Prokofiev Cinderella for harp and viola

Posted In: Repertoire

  • Participant
    frances-duffy on #205644

    I have the harp part to an arrangement of Prokofiev’s Cinderella for viola and harp by Robert Bridges. It was published by RBP Music Publishers but seems to be out of print. I am trying to find the viola part. Sadly the harp part does not include the viola part as would be expected  Does anyone have this arrangement? If so, would you be willing to scan and share the viola part?

    Thanks in advance!

     

    Participant
    Gretchen Cover on #205670

    I tried to send you a message via your website but it is not working. Miami harpist Kay Kemper and violist Scott O’Donnell played this piece in a fairly recent concert. You may want to contact them about your missing part.

    I respect copyright  but in a situation in which the music is no longer published or avaiable,  it might be useful to put the score on ISLMP. Otherwise, the music could disappear forever.

    Participant
    frances-duffy on #205672

    Thank you!  I will definitely contact them.  I agree that it is best to respect copyright restrictions and my first action was to try and purchase a new copy. But all my sources say it is unavailable, so in this situation, I am hoping someone will share. I am continuing to try and reach the publisher, but am getting no response. in the meantime, I will try to reach Kay.

    Thanks for your help!

     

    Participant
    MusikFind1 on #205828

    RBC Publications/J.W. Pepper South Texas
    4415 Centerview Drive, San Antonio, TX 78228
    P.O. Box 29128, San Antonio, TX 78229
    Tel: (800) 548-0917 | Fax: (210)736-2919
    sales@rbcmusic.com
    http://www.rbcmusic.com/RBCpubcb.htm<

    The Prokofiev is not listed on the website, probably due to the change in the U.S copyright law regarding Russian composers. Even though it might be POP, the arrangement is still under copyright.  Posting the music on IMSLP would not be legal. Contact J.W. Pepper to be sure of the status.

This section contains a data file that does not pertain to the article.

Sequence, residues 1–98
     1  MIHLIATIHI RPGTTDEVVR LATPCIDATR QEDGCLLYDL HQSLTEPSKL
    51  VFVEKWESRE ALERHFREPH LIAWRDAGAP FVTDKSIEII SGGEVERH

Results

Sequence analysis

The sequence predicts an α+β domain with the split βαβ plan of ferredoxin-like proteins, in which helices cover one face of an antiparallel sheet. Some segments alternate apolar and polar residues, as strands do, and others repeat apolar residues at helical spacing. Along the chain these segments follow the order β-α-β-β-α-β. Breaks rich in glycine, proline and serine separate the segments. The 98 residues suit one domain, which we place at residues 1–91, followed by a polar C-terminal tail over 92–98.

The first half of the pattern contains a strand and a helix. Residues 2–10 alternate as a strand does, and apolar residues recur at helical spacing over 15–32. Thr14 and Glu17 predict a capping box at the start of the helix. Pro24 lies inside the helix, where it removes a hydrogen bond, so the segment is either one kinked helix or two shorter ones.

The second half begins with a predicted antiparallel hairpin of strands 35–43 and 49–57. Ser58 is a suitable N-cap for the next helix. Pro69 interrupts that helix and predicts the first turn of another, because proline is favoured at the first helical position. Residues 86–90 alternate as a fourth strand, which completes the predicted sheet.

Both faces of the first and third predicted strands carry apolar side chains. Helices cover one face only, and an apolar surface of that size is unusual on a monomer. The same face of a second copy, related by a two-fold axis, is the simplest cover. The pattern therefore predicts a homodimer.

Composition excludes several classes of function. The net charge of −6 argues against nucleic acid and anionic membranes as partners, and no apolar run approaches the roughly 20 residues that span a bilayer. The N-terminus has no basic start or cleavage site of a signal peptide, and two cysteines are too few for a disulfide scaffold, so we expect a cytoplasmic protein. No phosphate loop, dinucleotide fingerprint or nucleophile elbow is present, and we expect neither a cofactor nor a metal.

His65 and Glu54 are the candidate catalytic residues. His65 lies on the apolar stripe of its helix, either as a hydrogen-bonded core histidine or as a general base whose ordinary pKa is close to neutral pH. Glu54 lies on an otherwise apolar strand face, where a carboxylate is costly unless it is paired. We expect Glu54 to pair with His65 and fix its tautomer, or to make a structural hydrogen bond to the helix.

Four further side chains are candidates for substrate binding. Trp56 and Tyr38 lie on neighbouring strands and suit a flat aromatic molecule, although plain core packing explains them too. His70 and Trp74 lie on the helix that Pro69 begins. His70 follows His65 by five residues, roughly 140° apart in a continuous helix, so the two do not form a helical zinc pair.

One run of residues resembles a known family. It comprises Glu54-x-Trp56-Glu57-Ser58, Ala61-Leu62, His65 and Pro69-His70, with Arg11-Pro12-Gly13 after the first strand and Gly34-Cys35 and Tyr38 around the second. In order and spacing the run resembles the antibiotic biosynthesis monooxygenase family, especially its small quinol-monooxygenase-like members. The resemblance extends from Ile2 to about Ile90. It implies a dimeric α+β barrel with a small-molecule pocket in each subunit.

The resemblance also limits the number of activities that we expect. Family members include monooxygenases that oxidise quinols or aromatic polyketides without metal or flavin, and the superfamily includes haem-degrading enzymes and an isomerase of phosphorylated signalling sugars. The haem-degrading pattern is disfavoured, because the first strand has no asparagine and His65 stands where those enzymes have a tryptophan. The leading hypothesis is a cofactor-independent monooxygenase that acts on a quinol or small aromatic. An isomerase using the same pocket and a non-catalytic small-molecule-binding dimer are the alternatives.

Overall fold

Participant
    Gretchen Cover on #205833

    Clinton, how do you deal with music that is out-of-print and not available publicly  by any means but still under copyright? I am sure in your career this must have come up as an issue.  I am not trying to break the law, be disrespectful to a composer, or simply be too cheap to buy the music,  but sometimes this type situation causes a dilemma about performing the music or having it disappear from the harp repertoire.  No one can wait 70 years after the death of the composer  for the music to get into the public domain.

    Participant
    MusikFind1 on #205839

    GC How do you deal with music that is out-of-print and not available publicly by any means but still under copyright? I am sure in your career this must have come up as an issue.
    CF: There is no legal way to obtain a work that is POP and still under copyright. The person/organization that owns the original printed copy may make copies for their own use but not for the use of others. Only by breaking this rule can another person obtain a copy, and on POP music that is done all the time.  I do not know of any case where a publisher tried to enforce this rule.  Have someone send you the original and then you make the copy. Do not post POP music on any public website as then the publisher can bring about a cease and desist letter.

    GC I am not trying to break the law, be disrespectful to a composer, or simply be too cheap to buy the music, but sometimes this type situation causes a dilemma about performing the music or having it disappear from the harp repertoire.
    CF: If J.W. Pepper Texas cannot sell the set, then check on WorldCat where you might be able to borrow a copy from a library. There are 8 libraries that have cataloged the arrangement by Robert Bridge (b.1957-d.2009) http://blog.chron.com/artsinhouston/2009/12/robert-bridges-1957-2009/

    http://www.worldcat.org/title/cinderella-suite-for-viola-and-harp/oclc/21423259&referer=brief_results”

    GC  “No one can wait 70 years after the death of the composer for the music to get into the public domain.”
    CF: U.S. copyright law does not use the Death + 70 law. That is for the EU. In the U.S the basic law is (with many exceptions) “any work published after 1923” is under copyright.
    For this arrangement, the law is date of publication + 96 years = public domain. About 2104!

    • This reply was modified 4 years, 3 months ago by MusikFind1.
    • This reply was modified 4 years, 3 months ago by MusikFind1.
    Participant
    Gretchen Cover on #205849

    Thank you for your clarification!

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